[FALCON RISING opens in Cleveland on Friday September 5th exclusively at Atlas Great Lakes Stadium 16 in Mentor.]
Review by Bob Ignizio
Michael Jai White's iconic performance as the titular hero of 2009's cult satire BLACK DYNAMITE should have been a star making performance. Why that movie didn't launch the muscular actor into a career as an action movie (or even comedy) star is beyond me, as his charisma and talent are undeniable. FALCON RISING probably won't change that, but it does possess a certain charm for fans of old school seventies and eighties low budget action flicks.
White plays John “Falcon” Champman, an Afghan war vet suffering from PTSD. He plays Russian roulette, and when a group of armed robbers hold up his favorite liquor store, he doesn't hesitate to take the punks out largely because he doesn't care if he lives or dies. About the only thing Falcon does care about is his sister Cindy (Laila Ali), who works with the poor of Brazil's favelas. When Cindy is brutally beaten and left in a coma, Falcon has to pull himself out of his despair and find out who is responsible. And with the Brazilian police all either corrupt or ineffectual, it looks like Falcon will have to mete out the punishment as well.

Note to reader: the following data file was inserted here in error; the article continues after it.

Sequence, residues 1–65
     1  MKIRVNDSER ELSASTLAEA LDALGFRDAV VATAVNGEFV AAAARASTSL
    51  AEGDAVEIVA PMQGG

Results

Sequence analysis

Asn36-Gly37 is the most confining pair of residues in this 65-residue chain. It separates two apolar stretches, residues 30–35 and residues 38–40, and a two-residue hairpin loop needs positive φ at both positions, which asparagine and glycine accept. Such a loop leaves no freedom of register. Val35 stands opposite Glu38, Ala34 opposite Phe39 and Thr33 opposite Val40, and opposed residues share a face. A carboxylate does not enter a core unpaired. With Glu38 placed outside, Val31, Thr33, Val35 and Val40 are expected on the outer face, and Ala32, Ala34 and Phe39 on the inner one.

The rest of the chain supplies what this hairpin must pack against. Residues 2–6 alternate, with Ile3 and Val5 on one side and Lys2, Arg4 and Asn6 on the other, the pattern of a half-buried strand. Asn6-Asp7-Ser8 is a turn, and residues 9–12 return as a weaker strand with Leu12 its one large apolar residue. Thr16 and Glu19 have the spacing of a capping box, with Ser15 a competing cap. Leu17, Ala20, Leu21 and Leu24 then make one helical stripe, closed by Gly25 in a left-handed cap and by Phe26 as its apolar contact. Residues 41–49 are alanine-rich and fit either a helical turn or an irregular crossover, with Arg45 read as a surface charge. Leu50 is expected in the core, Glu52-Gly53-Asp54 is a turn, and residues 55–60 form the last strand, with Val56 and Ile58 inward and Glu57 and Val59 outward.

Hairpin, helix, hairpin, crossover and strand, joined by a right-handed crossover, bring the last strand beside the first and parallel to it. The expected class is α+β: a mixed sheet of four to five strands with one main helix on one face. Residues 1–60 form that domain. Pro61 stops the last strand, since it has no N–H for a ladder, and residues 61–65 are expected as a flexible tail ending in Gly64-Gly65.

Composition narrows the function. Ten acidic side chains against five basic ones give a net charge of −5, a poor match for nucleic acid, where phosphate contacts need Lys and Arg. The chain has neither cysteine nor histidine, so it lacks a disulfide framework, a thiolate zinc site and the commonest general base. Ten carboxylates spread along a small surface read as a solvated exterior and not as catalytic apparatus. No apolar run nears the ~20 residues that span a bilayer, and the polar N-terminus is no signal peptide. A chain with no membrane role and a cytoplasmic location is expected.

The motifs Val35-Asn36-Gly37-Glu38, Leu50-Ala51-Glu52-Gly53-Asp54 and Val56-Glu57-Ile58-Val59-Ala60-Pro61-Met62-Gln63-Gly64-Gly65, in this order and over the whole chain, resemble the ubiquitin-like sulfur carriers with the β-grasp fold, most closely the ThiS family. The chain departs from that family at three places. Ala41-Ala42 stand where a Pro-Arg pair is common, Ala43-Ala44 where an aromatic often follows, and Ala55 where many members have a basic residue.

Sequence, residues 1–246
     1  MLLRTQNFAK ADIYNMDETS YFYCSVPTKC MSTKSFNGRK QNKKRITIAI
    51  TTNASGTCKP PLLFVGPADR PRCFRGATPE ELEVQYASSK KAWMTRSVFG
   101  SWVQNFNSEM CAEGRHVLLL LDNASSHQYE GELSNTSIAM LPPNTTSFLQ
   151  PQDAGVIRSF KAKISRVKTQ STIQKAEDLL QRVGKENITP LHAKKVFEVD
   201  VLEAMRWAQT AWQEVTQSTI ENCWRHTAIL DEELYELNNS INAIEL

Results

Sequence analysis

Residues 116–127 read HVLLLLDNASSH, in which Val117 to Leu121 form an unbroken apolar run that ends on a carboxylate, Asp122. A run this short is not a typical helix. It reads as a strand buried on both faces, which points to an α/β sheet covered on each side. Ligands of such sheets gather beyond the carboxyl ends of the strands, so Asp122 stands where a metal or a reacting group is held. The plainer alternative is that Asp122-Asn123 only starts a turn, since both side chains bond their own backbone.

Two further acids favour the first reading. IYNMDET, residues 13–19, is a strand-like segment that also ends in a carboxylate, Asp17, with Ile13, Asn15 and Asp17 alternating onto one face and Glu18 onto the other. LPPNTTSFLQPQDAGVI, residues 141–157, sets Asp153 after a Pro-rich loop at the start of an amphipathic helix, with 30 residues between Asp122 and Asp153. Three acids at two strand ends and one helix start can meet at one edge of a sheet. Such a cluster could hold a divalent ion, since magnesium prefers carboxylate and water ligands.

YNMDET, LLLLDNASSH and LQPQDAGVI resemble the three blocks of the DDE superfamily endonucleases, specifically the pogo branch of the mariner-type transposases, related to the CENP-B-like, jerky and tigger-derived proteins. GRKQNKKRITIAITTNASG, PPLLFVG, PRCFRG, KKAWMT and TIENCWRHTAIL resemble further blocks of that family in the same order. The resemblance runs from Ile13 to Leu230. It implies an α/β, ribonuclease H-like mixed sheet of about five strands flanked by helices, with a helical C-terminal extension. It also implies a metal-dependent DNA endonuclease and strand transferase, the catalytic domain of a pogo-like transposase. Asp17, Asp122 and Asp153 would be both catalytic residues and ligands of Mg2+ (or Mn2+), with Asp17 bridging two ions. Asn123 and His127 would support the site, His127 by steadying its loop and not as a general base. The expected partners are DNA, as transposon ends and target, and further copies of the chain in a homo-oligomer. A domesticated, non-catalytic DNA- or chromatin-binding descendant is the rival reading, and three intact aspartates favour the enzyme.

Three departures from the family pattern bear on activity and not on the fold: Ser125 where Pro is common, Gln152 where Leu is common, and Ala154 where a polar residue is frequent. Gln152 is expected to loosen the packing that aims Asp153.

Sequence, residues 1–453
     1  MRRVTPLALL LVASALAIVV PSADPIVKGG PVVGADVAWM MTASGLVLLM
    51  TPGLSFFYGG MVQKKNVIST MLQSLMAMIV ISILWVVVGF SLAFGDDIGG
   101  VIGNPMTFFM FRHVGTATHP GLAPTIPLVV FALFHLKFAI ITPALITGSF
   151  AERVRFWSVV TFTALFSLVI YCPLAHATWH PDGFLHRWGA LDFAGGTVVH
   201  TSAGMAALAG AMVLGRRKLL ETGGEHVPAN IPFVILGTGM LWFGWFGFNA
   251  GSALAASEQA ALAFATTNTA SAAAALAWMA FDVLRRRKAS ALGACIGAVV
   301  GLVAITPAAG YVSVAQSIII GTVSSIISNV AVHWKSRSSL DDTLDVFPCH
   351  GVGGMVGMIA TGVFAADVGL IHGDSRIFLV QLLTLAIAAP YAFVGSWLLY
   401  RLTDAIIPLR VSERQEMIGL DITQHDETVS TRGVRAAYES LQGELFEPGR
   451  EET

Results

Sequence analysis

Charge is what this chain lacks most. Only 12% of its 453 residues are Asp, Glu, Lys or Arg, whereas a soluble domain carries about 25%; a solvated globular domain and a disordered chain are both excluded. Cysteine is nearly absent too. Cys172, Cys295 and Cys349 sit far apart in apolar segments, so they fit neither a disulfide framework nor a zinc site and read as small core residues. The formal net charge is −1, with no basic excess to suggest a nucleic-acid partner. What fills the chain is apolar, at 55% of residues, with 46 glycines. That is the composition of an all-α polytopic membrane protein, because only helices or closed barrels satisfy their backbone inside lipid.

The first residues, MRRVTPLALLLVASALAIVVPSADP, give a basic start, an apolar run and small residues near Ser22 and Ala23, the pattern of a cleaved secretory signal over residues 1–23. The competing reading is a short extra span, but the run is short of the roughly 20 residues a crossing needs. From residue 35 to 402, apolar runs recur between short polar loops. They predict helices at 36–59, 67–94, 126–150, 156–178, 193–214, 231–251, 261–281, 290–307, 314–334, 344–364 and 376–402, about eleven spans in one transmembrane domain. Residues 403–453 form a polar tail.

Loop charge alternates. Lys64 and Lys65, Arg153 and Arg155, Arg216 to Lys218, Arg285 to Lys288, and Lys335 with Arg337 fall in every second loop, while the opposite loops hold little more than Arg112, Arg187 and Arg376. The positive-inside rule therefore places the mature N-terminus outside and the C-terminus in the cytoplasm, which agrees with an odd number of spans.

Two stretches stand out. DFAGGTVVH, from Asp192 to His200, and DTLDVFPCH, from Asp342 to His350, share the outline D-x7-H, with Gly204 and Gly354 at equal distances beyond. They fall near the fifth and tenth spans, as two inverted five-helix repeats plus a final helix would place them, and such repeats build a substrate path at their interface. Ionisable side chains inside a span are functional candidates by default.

It's not so much Y.T. Parazi's generic revenge picture script that's the problem here – that's pretty much par for the course in this genre. Where FALCON RISING really comes up short is Ernie Barbarash's pedestrian direction. He does serviceable work here, but if you want an action film that's going to make an impact on audiences rather than just another straight to video time waster, it requires a filmmaker with a little more flash and style.
White does his best to carry the movie on his ample shoulders, and almost pulls it off, too. Like the best action heroes, he just embodies the part. He's a star, even if this movie doesn't deserve him. Other than White's star power, the film's saving grace is its action scenes. The fight choreography is well staged, and the climactic three-against-one showdown between Falcon and crimelord Hirimoto (Masashi Odate) and his dirty cop henchmen Kuka (Daniel Cardona) and Carlo (Lateef Crowder) is bone-crunching mayhem at its best. Again, would have been nice if it were shot and edited a little better, but it still satisfies.
FALCON RISING is getting a very limited theatrical run, and despite my issues with the film, I think that's great. It probably won't fly for those viewers used to nothing but slick Hollywood product, but those who still appreciate the idea of watching a fun “B” movie on the big screen rather than on the TV should be more forgiving. It's not a great movie, but it delivers where it counts. 2 ½ out of 4 stars.